Blessed are those who are persecuted for righteousness’ sake, for theirs is the kingdom of heaven. Blessed are you when people revile you and persecute you and utter all kinds of evil against you falsely on my account. Rejoice and be glad, for your reward is great in heaven, for in the same way they persecuted the prophets who were before you (Matthew 5:10-12, New Revised Standard Version).
In the past month I have heard three people talk about how persecuted Christians are in the United States. In every case the person claiming persecution was talking about how Christian business owners were being “persecuted” because they did not want to do something that went against their Christian beliefs. In one case it was providing birth control to employees. In another it was providing medical benefits to a gay person’s unmarried partner. I didn’t hear all of the third situation but I do know it was an issue involving Christian social values. In each case the Christian stood alone against the world.
Also in each case, the person making the argument said the person involved was “being persecuted” (please note, I am not saying the person who actually had the problem was claiming persecution). Persecution? Really? Give me a break and give it a rest. This IS NOT persecution. If you want to argue discrimination on the grounds of religious freedoms, I can agree, but not persecution.
When Christians are literally losing their heads to people of non-Christian faiths in other parts of the world, what Christians face in the United States today is mild by comparison. I am not saying it is right, I am saying it is mild. It could even be that there are cases of religious persecution in the United States. Anything is possible. What I am saying is, cases like those I outlined above and cases that have been front and center in the news in the past few years are not cases of persecution. I believe discrimination is present and the government has not only turned a blind eye to those who are experiencing the discrimination, they have been party to it.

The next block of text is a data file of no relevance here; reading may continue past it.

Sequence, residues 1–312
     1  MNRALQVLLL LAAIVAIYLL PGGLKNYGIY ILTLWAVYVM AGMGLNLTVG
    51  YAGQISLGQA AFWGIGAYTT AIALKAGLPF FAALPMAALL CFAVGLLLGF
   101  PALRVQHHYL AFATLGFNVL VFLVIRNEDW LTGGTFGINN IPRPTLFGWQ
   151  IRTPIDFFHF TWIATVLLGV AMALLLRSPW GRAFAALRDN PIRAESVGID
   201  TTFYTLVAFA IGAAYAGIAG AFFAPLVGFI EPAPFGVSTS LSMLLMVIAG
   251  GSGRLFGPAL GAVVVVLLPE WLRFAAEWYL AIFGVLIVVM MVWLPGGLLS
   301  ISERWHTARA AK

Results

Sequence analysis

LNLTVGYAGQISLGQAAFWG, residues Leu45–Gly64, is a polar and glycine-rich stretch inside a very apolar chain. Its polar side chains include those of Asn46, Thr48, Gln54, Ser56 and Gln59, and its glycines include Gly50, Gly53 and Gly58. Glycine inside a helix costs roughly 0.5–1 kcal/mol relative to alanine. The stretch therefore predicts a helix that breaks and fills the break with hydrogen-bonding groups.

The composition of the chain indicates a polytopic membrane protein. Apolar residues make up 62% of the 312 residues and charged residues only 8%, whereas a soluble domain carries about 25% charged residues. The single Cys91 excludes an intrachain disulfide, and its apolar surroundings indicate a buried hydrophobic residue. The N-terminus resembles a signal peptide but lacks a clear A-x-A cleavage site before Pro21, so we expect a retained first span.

When we claim persecution in these relatively trivial matters, we make light of what people who are truly persecuted experience. When people experience brutal torture and even death for their faith, that is persecution. When a parent has to watch a child die because the parent claimed Christ, that is persecution. Our experience is rarely, if ever their experience.
The world Jesus walked in, the world Jesus preached to in the Sermon on the Mount was a world where people of faith was a world of persecution. Jesus experienced persecution. For generations after the death and resurrection of Jesus, that world experienced persecution. To place our troubles in the same thoughts as these people, many of the martyrs for the faith, shows many of us truly have no idea what it means to experience persecution.
We live in a world that is decidedly not Christian. Scripture makes it clear, we will experience times where the world will go against us. For many in the world, it will mean persecution. For most of us in the west it is really discrimination. We shouldn’t be surprised by it. Christianity at its most basic has been a counter-cultural movement. The culture will always be at odds to some degree with matters of faith. We are called to live by faith anyway.
Perhaps people are quick to claim persecution because of the promise made to the persecuted, “…theirs is the kingdom of heaven.” We want to inherit the kingdom of heaven. We needn’t worry. Acceptance to the kingdom is not based on being persecuted. It isn’t based on discrimination. It is really based on one simple thing, faith in Jesus Christ. For that, we can all be thankful. Though it may mean discrimination and for some even persecution. We keep living the faith. That is what matters.
How can you continue living out the faith in ways that show the world what really matters?
Have a blessed day in the Lord.
Joy and Peace,
Copyright 2017, J. Keith Broyles, All Rights Reserved